COMEDY GOLD #9: Gossip from The Women (1939)

Image result for the women muriel hutchison mary cecil

Look, I like what The Women (1939) meant to do. I like the whole thing about it having an all-female cast, about it being about women and everything. Unfortunately, I’ve always felt that it missed the mark entirely. Yes, it’s hilarious. Yes, it’s got a great cast (understatement!). But its depiction of women and female friendships and relationships does have its problems, which is ironic considering a woman wrote the play it’s based on (Clare Booth Luce) and two women wrote the screenplay (Anita Loos and Jane Murfin).

Directed by everyone’s favorite ‘woman’s director’, George Cukor, The Women is all about their men. More precisely, Mary Haines (Norma Shearer)’s husband, who’s having an affair with Crystal Allen (Joan Crawford), which apparently everyone else knows about – gossip! With a cast boasting comedy queens Paulette Goddard and Rosalind Russell, one would be tempted to pick a scene with either of them, but actually my personal favorite scene is the one where the cook, Maggie (Mary Cecil) and the maid, Jane (Muriel Hutchison) are having a detailed conversation – gossiping – about an argument that Mary had with her husband. What I like about it is that it just seems so uttery innocent, unlike the ‘catty’ tone of nearly every other interaction throughout the film. Jane genuinely cares about Mary, and Maggie delivers one-liner after one-liner, which more often than not comes with sane advice – again, unlike the rest of the film.

I suppose I have a love-hate relationship with The Women. I admire its boldness, I like how special it was back in the day and I love Norma Shearer’s performance as Mary, the only truly sympathetic character in a sea of stereotypes. But is it really the best classic movie about women and their relationships with each other? No. Stage Door (1937) is. Still, The Women is a comedy triumph and one of the most iconic movies from Hollywood’s greatest ever year.


Cool Mitchum…

We all know Robert Mitchum was THE coolest cat. And Out of the Past (1947) might just be the coolest he’s ever been. But one scene that never gets mentioned is the one that I personally rewind at least three times every time I watch it. No, not ‘Baby I don’t care’, although that one is certainly fantastic. I’m talking about the scene towards the end, where he enters the club, walks up the stairs, walks into the manager’s office, punches him, answers the phone in his most nonchalant ‘yeah’, picks up the file he’s looking for, lights a cigarette and walks out again. All seemingly done in one extraordinarily smooth go. Pure class.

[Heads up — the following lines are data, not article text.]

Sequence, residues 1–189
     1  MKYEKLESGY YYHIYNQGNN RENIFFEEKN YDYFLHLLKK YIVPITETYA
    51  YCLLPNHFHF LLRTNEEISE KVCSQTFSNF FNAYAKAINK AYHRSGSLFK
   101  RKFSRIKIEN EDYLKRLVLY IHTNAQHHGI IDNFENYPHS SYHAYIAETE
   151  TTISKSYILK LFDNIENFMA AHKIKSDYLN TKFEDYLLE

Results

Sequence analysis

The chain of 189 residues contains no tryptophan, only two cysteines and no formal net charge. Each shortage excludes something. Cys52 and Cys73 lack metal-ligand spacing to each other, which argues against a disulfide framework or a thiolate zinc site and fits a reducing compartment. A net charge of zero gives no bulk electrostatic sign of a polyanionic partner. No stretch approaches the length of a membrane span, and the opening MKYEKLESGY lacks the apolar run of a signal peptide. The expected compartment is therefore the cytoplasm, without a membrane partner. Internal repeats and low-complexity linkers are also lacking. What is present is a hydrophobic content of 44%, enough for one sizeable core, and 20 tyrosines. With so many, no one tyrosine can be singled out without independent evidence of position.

DOUBLE BILL #18: Love Affair (1939) and An Affair to Remember (1957)

collagecvjkfIt’s not unusual for a director to remake their own movie. Hitchcock did it, Cecil B. DeMille did it (twice!), and Leo McCarey did it. Love Affair (1939) and An Affair to Remember (1957) are two of the greatest romantic films of all time and while it’s easy to make that claim about a whole array of movies, these two surely stand out from the crowd, precisely because of McCarey’s sensitivity, subtetly and humanity as a director.
In Love Affair (1939) and An Affair to Remember (1957), Terry McKay (Irene Dunne/Deborah Kerr) and Michel Marnet/Nickie Ferrante (Charles Boyer/Cary Grant) fall in love aboard a transatantic ship, while engaged to other people. As a result, they vow to meet again on top of the Empire State Building in six months so they can finally be together. It’s a tale as old as Hollywood itself and like so, it has been remade, copied and referenced countless times, because why not? Its message is timeless, and both films are just lovely enough and poignant enough to balance themselves between romantic comedy and romantic melodrama. The simplicity and straight-forwardness move the story along effortlessly and its comedic value adds to what would undoubtedly be a soppy tale otherwise. On top of this, the performances of the two leads are obviously the stand-out points of each film. In Love Affair, Boyer’s debonair coolness and Dunne’s endearing wit and charm are a wonderful combination and the two enjoy great chemistry and ease with each other. In An Affair to Remember, Kerr and Grant play Terry and Nickie with just as much grace, ease and confort as their counterparts. Kerr’s ability with comedy and drama (and a wonderful touch of sarcasm) rivals that of Dunne, who’s always been known for that, while both Boyer and Grant bring a touch of class and irresistible sophistication to their roles, without ever losing the depth of their characters, even though Boyer’s Michel is much less reserved about his playboy reputation. This has perhaps to do with the more relaxed tone of Love Affair. While incredibly moving, Love Affair has a 1930s romantic dramedy feel (McCarey’s glorious period), while An Affair to Remember has a darker tone to it. It was made 18 years after Love Affair, and in that time, McCarey’s life had eerily mimicked that of Terry McKay and her tragic accident, which might explain the ‘life is too short’ type of vibe in An Affair to Remember. Love Affair is perhaps more carefree, while An Affair to Remember is wiser. That’s not to say, of course, that there isn’t a great deal of sentiment and maturity in Love Affair. There is. Not least because of the grandmother (Maria Ouspenskaya, in a role later played by Cathleen Nesbitt), a sort of figure of wisdom in both films.

Personally, I adore both of them. They’re nearly virtually identical and equally great. If pushed, I’d say I might prefer An Affair to Remember, simply because of that wonderful, immortal line, ‘Winter must be cold for those with no warm memories. We’ve already missed the spring.’ Oh Deborah, why must you do this to me?